This article by Scott Anthony at Harvard Business Weekly Publishing is a wonderful example of using analogy for communicating about innovation. The analogy used in the article is between the Major League Baseball draft and the way a company manages innovation.
Because the analogy and its use for innovative thinking is presented so well, I am going to go all recursive on you and use the article as a showcase of the right ways of using analogy for innovation and for communicating about innovation.
The first step in any analogy is pointing out to the audience the relevant correspondences between the concepts:
“Baseball teams have to assemble the best talent possible, just like companies have to bet on the best innovation opportunities. A baseball team chooses between acquiring talent on the free agent market or drafting and building talent. A company chooses between acquisitions or organic growth.“
A good analogy focuses on deep structural correspondences between concepts:
“Acquisitions are expensive, but perceived to be lower risk, because the talent (or idea) has proven itself demonstrably in the marketplace (for baseball, that means success on a major-league diamond). Organic growth is typically cheaper, but perceived to be risky because many times highly touted initiatives or prospects don’t pan out.“
What this means is that the author isn’t just drawing correspondences between the elements of the two concepts (e.g., “acquiring talent on the free agent market” = “acquisitions”). He is explaining how elements and the relationships between them in one concept correspond to elements and the relationships between them in the other concept.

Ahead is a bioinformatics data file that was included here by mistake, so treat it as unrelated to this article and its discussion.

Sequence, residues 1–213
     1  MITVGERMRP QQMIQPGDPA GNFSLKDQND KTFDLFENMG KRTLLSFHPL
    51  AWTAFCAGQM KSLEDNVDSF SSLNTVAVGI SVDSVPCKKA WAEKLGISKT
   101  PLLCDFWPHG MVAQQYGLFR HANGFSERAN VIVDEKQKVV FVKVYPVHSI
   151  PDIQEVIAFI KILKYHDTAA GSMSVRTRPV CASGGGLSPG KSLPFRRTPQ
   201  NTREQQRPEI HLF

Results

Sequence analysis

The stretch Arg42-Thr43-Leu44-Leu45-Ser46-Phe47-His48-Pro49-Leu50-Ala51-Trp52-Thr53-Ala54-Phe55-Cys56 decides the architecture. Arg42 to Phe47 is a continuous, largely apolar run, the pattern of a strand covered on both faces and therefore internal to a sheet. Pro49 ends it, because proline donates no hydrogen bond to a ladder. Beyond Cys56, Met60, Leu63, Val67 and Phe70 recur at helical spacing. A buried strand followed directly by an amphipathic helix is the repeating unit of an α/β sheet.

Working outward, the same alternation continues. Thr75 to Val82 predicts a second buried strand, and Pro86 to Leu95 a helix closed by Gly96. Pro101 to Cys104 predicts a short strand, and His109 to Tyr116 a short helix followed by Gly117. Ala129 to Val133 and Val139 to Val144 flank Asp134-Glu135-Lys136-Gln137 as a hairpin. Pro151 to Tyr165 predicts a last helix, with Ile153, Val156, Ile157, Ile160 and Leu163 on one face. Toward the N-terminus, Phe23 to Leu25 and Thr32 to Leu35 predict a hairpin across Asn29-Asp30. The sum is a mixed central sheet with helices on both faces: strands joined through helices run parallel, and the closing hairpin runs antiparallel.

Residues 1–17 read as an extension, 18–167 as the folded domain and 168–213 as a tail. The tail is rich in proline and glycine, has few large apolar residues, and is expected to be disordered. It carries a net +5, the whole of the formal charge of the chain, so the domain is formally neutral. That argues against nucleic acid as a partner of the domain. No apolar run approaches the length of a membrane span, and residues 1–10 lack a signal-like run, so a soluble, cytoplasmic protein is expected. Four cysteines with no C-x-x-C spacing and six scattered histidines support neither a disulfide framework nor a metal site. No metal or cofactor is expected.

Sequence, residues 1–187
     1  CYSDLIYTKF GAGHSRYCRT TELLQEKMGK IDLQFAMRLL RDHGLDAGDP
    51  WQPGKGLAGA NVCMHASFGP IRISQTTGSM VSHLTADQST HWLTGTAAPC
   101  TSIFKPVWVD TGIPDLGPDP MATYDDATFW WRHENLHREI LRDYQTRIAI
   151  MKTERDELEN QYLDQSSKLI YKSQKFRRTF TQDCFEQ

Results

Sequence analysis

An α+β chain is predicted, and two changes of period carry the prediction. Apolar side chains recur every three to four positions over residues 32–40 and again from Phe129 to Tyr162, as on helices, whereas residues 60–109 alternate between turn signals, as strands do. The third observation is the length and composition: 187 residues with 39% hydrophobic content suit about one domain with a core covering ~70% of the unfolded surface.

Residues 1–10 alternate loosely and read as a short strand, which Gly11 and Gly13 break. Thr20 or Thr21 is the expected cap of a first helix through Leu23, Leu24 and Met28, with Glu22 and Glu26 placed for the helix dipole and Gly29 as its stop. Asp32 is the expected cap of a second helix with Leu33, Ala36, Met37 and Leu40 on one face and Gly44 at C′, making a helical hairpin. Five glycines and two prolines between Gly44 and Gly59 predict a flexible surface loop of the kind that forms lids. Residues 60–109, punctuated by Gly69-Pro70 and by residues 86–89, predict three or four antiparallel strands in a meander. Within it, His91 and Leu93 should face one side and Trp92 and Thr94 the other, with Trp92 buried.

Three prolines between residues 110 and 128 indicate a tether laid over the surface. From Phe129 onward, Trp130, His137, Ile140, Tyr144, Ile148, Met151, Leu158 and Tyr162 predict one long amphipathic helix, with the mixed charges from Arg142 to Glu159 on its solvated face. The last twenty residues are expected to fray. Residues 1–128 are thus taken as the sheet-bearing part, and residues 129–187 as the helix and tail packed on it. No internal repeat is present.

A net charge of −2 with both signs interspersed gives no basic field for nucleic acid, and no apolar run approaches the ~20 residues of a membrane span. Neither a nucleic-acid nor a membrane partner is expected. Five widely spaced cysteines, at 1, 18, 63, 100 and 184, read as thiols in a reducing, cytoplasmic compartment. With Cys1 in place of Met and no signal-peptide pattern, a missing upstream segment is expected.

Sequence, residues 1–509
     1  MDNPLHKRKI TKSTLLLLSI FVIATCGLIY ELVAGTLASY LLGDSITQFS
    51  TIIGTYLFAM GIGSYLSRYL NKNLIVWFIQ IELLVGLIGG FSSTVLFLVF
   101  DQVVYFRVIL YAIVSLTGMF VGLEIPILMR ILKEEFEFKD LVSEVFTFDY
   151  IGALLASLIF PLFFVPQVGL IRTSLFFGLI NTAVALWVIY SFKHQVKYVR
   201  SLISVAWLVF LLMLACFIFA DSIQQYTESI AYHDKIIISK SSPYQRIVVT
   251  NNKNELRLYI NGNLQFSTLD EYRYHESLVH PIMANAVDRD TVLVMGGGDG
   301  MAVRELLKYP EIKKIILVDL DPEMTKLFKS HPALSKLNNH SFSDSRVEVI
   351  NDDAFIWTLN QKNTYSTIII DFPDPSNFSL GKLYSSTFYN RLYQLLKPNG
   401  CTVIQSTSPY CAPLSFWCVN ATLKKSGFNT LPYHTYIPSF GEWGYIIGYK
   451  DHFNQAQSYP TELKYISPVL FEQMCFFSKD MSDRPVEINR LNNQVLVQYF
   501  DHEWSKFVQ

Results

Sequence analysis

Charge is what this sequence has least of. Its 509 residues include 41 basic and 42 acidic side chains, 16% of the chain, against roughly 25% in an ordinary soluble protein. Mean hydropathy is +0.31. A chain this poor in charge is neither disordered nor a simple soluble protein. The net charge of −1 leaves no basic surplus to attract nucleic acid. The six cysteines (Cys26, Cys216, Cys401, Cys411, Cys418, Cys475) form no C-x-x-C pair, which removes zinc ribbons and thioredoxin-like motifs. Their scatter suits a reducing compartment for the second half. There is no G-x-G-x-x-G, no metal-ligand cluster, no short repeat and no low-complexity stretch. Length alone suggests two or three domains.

These correspondences then lead to certain inferences. Inferences, that are important to the point the author is making about innovation:
“Just as a baseball team doesn’t have complete information about what a player’s true level of ability is on draft day, you don’t know the real potential of any one innovation project…. Good teams collect as much data as possible. They have sophisticated models to project how rough performance can project to the major league level.“
Leads to the inference that for companies:
“With a well-organized scouting team, you should gather multiple data points in preparation to “draft” innovation opportunities.”
By pointing out the correspondences between rich concepts such as the ones being used in the Baseball Analogy article, the audience is then able to make their own inferences using their own detailed knowledge of the concepts in the analogy:
“Of course, the market for companies is more liquid than the market for baseball players. We bet you if you ran the data the absolute best return on investment would be acquiring a hitter who has proven himself at a critical midpoint….Ask yourself: What is the equivalent inflection point in our market?“
It is by working out the inferences resulting from correspondences such as these that innovation is made possible. However, these inferences are not possible unless your audience possesses detailed knowledge of the concepts used in the analogy. I, for one, know next to nothing about the Major League Baseball draft. Consequently, I can follow the analogy made by the author and the points being made but would be absolutely unable to determine an “equivalent inflection point” at which I would be most likely to receive the “absolute best return on investment.”
Using analogy for communicating about innovation or for innovation itself requires knowledge of BOTH the concepts used in the analogy. This knowledge can be provided by the person making the analogy or through personal experience, but acquired it must be for innovation to happen.